Electroconvulsive Therapy and Other Brain Stimulation Therapies
If medications do not reduce the symptoms of depression, electroconvulsive therapy (ECT) may be an option to explore. Once strictly an inpatient procedure, today ECT is often performed on an outpatient basis. The treatment consists of a series of sessions, typically three times a week, for two to four weeks.
ECT is not painful and you cannot feel the electrical impulses. Before ECT begins, a patient is put under brief anesthesia and given a muscle relaxant. He or she sleeps through the treatment and does not consciously feel the electrical impulses. Within 1 hour after the treatment session, which takes only a few minutes, the patient is awake and alert.
There are a lot of outdated beliefs about ECT, but based on the latest research,
- ECT can provide relief for people with severe depression who have not been able to feel better with other treatments.
- ECT can be an effective treatment for depression. In some severe cases where a rapid response is necessary, or medications cannot be used safely, ECT can even be a first-line intervention.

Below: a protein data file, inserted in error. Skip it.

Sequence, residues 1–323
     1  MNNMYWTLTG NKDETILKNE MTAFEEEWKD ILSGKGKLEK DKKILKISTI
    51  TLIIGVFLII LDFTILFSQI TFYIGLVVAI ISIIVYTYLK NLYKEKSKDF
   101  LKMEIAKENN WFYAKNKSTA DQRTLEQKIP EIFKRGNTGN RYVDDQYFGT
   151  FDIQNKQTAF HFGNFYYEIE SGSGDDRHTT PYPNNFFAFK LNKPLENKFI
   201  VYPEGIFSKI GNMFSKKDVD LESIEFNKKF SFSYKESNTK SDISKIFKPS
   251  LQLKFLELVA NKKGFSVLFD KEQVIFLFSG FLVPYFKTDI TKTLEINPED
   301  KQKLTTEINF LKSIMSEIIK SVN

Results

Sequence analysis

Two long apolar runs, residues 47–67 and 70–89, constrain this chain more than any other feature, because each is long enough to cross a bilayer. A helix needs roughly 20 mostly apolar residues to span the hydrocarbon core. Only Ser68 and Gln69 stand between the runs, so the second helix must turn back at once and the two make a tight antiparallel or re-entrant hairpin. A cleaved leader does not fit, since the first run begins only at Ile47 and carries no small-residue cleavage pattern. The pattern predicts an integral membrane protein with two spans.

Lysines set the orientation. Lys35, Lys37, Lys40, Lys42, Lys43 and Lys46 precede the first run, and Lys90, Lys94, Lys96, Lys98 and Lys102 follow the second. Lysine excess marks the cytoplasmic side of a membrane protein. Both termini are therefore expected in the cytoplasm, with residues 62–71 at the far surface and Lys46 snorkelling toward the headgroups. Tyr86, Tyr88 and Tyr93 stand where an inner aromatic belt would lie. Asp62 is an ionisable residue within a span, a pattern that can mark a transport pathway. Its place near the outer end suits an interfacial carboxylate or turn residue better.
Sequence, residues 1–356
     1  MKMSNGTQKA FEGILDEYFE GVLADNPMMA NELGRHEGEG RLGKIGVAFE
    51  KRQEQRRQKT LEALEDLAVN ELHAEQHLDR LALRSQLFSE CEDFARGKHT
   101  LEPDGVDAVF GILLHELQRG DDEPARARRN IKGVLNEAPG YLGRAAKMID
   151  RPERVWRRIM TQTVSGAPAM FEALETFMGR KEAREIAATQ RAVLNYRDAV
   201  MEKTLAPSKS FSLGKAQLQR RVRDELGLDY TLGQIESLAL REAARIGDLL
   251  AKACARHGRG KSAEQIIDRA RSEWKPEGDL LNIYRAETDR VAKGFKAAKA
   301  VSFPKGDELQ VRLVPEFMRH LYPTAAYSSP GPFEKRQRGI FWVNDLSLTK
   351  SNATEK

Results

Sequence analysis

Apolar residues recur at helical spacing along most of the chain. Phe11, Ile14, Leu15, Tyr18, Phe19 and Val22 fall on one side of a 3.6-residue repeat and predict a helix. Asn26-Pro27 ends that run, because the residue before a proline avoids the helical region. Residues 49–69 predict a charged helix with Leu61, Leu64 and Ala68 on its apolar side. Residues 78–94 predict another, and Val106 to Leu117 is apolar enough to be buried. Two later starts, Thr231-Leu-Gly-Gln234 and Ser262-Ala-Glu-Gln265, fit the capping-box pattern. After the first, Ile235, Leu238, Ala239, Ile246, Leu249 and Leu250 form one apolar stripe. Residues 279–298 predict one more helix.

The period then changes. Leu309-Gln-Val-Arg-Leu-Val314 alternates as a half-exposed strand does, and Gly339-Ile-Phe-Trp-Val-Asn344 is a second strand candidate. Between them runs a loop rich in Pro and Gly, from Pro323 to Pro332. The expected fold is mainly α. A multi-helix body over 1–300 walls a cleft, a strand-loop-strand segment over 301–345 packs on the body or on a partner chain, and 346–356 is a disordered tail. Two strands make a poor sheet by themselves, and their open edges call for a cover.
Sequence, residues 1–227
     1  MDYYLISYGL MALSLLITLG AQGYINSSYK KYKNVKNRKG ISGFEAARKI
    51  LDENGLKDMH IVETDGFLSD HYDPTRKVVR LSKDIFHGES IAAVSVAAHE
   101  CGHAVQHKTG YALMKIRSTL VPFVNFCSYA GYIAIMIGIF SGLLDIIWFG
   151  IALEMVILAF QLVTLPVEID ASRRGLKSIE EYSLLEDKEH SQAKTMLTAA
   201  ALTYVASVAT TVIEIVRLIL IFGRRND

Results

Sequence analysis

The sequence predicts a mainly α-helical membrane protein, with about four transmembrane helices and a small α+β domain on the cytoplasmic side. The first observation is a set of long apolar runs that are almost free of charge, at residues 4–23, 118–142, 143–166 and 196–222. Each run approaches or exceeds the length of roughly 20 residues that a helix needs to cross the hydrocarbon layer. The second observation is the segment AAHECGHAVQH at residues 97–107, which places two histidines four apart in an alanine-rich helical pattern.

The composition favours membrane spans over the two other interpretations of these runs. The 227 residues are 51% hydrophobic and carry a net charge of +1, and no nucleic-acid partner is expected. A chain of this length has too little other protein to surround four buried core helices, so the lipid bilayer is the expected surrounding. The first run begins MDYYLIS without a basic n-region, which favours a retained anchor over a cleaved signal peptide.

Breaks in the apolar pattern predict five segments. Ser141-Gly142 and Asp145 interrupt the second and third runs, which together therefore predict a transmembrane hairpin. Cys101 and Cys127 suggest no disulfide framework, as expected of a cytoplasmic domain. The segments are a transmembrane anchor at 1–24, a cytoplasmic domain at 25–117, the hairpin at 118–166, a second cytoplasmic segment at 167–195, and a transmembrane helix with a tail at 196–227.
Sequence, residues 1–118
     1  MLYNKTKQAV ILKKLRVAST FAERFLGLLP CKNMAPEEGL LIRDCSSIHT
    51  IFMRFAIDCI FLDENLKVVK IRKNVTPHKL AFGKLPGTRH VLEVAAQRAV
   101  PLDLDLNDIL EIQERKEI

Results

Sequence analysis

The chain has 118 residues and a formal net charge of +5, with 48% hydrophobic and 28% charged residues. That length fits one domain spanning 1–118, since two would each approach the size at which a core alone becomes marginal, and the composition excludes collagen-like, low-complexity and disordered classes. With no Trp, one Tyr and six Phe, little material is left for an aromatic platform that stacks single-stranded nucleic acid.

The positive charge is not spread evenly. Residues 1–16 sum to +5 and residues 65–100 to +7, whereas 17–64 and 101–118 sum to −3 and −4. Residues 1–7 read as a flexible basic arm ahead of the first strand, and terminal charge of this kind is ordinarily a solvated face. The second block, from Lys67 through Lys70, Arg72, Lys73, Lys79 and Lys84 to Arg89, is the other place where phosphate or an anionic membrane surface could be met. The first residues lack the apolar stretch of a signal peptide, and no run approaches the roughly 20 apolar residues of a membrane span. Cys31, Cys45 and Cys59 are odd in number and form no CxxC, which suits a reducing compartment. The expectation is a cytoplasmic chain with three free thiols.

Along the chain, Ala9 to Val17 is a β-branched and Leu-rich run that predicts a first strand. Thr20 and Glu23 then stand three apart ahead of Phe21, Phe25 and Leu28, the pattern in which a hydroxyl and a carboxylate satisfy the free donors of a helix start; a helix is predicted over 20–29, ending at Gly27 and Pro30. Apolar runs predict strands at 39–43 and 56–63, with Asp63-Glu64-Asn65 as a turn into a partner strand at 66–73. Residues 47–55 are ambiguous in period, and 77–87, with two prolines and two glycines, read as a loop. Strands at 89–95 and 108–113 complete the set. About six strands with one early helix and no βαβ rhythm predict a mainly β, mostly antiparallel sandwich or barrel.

- ECT may cause some side effects, including confusion, disorientation, and memory loss. Usually these side effects are short term, but sometimes they can linger.
- Advances in ECT devices and methods have made modern ECT safe and effective for the vast majority of patients.
- Talk to your doctor and make sure you understand the potential benefits and risks of the treatment before giving your informed consent to undergoing ECT.
Other Brain Stimulation Therapies
Other more recently introduced types of brain stimulation therapies used to treat severe depression include repetitive transcranial magnetic stimulation (rTMS) and vagus nerve stimulation (VNS). In some severe cases where a rapid response is necessary, or medications cannot be used safely, ECT can even be a first-line intervention.